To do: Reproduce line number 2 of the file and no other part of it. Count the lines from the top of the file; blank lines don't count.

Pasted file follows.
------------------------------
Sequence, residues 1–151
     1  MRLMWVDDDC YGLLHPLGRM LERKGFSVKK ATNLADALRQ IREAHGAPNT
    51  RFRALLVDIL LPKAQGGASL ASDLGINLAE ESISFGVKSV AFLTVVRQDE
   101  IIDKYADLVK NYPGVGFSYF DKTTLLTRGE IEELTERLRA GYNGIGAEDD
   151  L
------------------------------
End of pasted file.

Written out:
     1  MRLMWVDDDC YGLLHPLGRM LERKGFSVKK ATNLADALRQ IREAHGAPNT